Lawrence Martin was one of 150 volunteer firefighters who practiced providing medical aid to patients, saving victims from dangerous situations, and extinguishing vehicle fires over the weekend.
"It allows as many firefighters as possible to come to the school and learn different aspects of the fire service...and it's unbelievably valuable."
The free training was held Saturday and Sunday at the Southern Oklahoma Technology Center and was provided by the Oklahoma State University Fire Service.
"Being volunteers, we wouldn't be able to get this training if it were not for them."
Martin, who's the assistant fire chief at the Meridian department in Stephens County, says he's not the only one who will benefit from the training.
"I was able to take 6 different courses, which allows me to bring that back to my community and assist my community and take the training back to the fire station and help the other volunteers."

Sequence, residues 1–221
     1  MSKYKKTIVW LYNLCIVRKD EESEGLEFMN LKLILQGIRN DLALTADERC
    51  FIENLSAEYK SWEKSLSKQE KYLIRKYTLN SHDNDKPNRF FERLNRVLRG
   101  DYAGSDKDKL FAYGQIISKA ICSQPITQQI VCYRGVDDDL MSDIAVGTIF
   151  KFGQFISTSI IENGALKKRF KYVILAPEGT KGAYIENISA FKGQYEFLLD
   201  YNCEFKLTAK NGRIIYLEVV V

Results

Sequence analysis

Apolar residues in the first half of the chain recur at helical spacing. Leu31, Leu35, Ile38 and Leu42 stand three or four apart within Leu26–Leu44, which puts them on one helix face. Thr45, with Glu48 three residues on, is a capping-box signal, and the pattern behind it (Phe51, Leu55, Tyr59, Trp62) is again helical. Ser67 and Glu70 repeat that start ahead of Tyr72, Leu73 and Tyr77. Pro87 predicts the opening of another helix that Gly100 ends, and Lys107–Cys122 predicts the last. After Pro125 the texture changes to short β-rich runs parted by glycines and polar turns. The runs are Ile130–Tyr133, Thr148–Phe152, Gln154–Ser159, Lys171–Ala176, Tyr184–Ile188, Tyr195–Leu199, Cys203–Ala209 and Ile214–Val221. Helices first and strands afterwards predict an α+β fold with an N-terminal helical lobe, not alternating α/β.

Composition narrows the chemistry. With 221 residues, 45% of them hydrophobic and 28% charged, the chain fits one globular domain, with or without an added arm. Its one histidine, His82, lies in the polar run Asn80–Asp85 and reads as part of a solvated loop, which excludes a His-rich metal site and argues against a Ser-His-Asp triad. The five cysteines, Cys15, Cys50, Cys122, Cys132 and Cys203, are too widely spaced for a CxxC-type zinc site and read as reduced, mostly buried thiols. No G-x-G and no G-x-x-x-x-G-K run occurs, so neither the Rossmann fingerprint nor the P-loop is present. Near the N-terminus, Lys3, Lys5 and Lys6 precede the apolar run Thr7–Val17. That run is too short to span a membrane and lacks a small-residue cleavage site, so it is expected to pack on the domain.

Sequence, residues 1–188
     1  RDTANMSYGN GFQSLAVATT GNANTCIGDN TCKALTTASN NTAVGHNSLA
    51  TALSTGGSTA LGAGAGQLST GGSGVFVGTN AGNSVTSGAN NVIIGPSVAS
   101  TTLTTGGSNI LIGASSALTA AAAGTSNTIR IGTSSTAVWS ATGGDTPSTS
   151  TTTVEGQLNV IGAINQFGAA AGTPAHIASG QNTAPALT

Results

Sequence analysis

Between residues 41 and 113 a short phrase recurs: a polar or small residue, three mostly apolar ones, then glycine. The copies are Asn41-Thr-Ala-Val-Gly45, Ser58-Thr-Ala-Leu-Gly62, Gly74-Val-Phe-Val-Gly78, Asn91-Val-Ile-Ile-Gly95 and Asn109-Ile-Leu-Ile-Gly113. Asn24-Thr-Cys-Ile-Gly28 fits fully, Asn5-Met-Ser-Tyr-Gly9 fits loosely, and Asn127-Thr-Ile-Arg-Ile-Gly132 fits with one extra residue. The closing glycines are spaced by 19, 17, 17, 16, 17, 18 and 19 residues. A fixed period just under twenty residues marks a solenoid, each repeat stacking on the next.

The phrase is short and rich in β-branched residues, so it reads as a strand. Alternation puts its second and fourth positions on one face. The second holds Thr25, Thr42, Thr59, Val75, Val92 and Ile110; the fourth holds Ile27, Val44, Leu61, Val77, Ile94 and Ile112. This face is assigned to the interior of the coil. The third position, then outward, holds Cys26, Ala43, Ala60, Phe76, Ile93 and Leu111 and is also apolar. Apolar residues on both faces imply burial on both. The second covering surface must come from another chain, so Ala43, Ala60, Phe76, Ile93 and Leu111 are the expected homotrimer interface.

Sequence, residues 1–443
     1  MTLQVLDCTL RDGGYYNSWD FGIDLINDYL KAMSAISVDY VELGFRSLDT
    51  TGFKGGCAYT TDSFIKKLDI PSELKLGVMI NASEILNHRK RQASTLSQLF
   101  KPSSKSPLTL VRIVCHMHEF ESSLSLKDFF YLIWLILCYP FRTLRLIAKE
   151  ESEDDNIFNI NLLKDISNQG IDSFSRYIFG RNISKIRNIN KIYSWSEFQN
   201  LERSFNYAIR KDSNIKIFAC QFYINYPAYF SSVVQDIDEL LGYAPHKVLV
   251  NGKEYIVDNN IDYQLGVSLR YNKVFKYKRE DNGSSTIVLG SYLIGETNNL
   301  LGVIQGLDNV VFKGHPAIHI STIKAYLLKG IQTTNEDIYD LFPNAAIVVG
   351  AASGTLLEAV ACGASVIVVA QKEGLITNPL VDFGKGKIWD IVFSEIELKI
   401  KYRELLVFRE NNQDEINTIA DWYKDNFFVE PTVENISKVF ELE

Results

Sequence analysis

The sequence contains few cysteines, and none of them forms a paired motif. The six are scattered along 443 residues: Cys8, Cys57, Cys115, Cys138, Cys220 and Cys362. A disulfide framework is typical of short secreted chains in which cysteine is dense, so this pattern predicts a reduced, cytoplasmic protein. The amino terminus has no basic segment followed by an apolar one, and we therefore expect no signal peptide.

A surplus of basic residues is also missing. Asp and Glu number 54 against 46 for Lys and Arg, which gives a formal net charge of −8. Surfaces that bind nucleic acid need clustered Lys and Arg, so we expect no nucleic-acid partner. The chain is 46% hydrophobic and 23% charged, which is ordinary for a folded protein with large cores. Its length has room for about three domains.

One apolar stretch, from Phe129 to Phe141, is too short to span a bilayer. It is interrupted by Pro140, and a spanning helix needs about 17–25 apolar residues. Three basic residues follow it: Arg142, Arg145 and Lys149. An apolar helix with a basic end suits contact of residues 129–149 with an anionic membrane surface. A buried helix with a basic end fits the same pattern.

"Training saves lives. And it's just imperative that A. They're more efficient at what they do and B. They go home when the fire is done and see their wives and their husbands and their kids..."
Training specialist, Dannie Whitehouse, with OSU, says proper training can mean the difference between life and death.
"If we learn nothing from the drought and the wildfire's that we had it's A. You can never be too well trained and B. We all need to be able to work together."
Martin says constantly sharpening skills should be a priority when it comes to firefighting.
"Training is always updating, things are changing as new technology comes in line, which changes your training and your abilities. So if you stay updated with your skills, you provide better training and basically better service to your community."